New York’s Woke Music Fest Has Imploded – And Angry Fans Want Answers promised star-studded programming curated by and for people of color in one of the most diverse locations in the country.

The incomprehensibly named festival was set to kick off with an opening gala at Flushing Meadows Corona Park in Queens on August 19. Over the next two days, notable artists like Missy Elliott, Jhene Aiko, Ozuna, El Alfa, Anderson .Paak and Kali Uchis were to take the stage in New York. Calling itself a “purpose-driven musical experience” and a “conscious Carnival”, the festival – the brainchild of Afropunk founder Matthew Morgan, his partner Jocelyn Cooper and creative agency Anomaly – attempted to bolster its socially conscious credentials by promoting a mission to “reduce the equity deficit” in the entertainment industry and achieve a “diverse workforce at all levels of the industry by 2030”. How a weekend of wristbands and portable toilets was supposed to do this is unclear, as is the abrupt cancellation of the festival which has now left hundreds of ticket holders scrambling for refunds that are unlikely to arrive before mid-September.

On Friday, organizers scrapped the entire slate of performances with less than a month until showtime. They blamed inflation, of all things, plus a series of other vague setbacks, including “new safety regulations that were recently put in place would have required us to significantly change your experience to a smaller version , watered down and inauthentic”. (Festival organizers did not immediately respond to requests for comment from The Daily Beast. The New York City Department of Parks and Recreation did not respond to questions about recent safety rule changes.)

Unique Norton doesn’t buy their excuse.

“Their reasons didn’t make sense,” she told The Daily Beast. “Honestly, it didn’t make sense.”

The 23-year-old waitress and aspiring fashion designer heard about the show from her boyfriend, who saw a post about it on Instagram. The couple were due to visit Bonnaroo last September, but that festival too was suddenly canceled after campgrounds flooded. They were drawn to by the stacked lineup, seemingly quieter “indie festival” vibe, and low price of around $79 per general admission pass.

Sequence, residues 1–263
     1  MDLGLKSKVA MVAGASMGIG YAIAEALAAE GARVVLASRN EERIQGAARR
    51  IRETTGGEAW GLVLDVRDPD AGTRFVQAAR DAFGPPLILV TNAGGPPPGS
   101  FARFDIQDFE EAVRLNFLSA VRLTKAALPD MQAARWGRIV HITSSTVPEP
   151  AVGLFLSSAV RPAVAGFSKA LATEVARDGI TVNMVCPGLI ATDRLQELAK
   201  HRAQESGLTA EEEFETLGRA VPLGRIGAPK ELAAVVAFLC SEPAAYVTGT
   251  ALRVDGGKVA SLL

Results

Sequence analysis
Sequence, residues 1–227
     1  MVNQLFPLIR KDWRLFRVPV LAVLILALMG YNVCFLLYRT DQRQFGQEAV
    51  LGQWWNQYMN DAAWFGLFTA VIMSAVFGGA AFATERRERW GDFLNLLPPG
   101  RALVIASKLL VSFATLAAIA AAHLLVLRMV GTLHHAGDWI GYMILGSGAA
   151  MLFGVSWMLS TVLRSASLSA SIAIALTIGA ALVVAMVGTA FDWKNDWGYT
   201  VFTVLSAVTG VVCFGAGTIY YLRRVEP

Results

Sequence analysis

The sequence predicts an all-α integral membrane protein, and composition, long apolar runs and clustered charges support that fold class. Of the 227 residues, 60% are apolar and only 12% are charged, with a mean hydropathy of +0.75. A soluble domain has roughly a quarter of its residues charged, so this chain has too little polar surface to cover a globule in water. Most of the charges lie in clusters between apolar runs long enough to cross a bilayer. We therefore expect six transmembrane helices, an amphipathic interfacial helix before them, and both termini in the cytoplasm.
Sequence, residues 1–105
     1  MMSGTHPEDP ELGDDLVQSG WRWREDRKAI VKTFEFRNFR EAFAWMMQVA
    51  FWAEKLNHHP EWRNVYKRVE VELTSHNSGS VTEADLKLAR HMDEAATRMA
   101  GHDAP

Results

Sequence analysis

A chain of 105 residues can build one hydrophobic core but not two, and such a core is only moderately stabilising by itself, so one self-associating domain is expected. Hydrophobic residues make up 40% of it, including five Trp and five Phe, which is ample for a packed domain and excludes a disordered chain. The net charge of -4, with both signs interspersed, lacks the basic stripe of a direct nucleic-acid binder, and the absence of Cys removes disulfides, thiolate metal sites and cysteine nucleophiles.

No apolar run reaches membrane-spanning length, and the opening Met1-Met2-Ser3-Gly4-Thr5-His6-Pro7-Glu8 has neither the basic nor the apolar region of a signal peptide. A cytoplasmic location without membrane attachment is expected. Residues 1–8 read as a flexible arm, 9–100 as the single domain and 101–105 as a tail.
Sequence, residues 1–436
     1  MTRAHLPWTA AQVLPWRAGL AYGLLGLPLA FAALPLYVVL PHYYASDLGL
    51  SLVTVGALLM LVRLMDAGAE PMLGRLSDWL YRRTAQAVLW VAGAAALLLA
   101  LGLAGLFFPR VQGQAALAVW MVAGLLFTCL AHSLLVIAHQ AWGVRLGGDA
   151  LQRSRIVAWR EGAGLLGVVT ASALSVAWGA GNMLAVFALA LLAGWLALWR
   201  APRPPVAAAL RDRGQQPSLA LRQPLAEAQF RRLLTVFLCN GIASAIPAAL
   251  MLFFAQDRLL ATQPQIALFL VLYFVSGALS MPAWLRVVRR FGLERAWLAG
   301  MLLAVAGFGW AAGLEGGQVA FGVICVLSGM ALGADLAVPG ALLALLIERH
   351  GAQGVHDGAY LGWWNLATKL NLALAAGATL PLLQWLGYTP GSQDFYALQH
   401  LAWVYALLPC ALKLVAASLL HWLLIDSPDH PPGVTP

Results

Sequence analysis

“We didn’t want our first music festival to be crazy with raves and mosh pits,” she says.

They got their tickets in March. Norton was especially excited for .Paak and Uchis. They booked train tickets from Tampa, Florida, as well as a five-day Airbnb stay in Brooklyn for themselves and their two friends. The stage was set for an unforgettable weekend until Friday, when her boyfriend alerted her to the festival’s Instagram post announcing the cancellation. Comments had been disabled, so angry customers, including Norton, flooded the comment sections of other publications demanding their refunds and lambasting the organizers for their lack of preparation.

The whole fiasco drew comparisons to the infamous Fyre Festival, with no sad open cheese sandwiches.

“We were literally going to sit on a train all day to go to New York for this festival and they canceled it,” Norton said. “We have already set up for refunds. It was a unique situation. The way they handled it was so unprofessional.

Looking back, Norton and others who were planning a fun weekend in New York to end the summer say there were signs that was in trouble. For one, it’s notoriously difficult to launch a new festival, and some say their favorite artists were barely promoting the event on social media. On top of that, a puzzle ticket tier system proved frustrating for customers.

“If you look at their Instagram page, they try to explain shit because it was really confusing,” offers Sean Cruz, an occupational therapist from Queens who was thrilled to see his favorite performers in his own backyard. had a lineup that suited their own musical tastes, which lean towards jazz and neo-soul. He also likes Flushing Meadows Corona Park as a hangout.

“It means a lot to me,” he says. “It’s a place I went to a lot when I was a kid.”

At first, Cruz says the festival advertised general admission tickets as well as “party passes” that promised access to specific performances. Then came an about-face, with organizers announcing that the GA fare now included everything. Some attendees, including Cruz and Norton, had their tickets upgraded to VIP out of nowhere.

In retrospect, it sounds really sus. I’m not a fan anymore.

“For me, I was like, ‘That’s kinda dumb,'” says Cruz, who specifically wanted tickets to the GA so he could watch the show with the crowd. “I’m not really a big side person – watching an artist from one angle while they’re performing.”

He never got his money back for the special passes.

“In retrospect, it sounds really sus. I’m not a fan anymore,” Cruz said.

We don’t know what really happened behind the scenes, but what is It’s clear that a festival that has built up so much ill will from the jump may not survive. Organizers say refunds will be complete by September 15. Refund requests should be made to DICE or TIXR ticket sellers by August 31, although the festival has promised to honor this year’s passes at next year’s festival. Unfortunately, it might prove difficult to convince people to come back for an event that was dead on arrival the first time around.

“A lot of people think it’s a scam, honestly,” Norton says. “Me personally, I feel like they just didn’t sell enough tickets and just rolled back quickly.”

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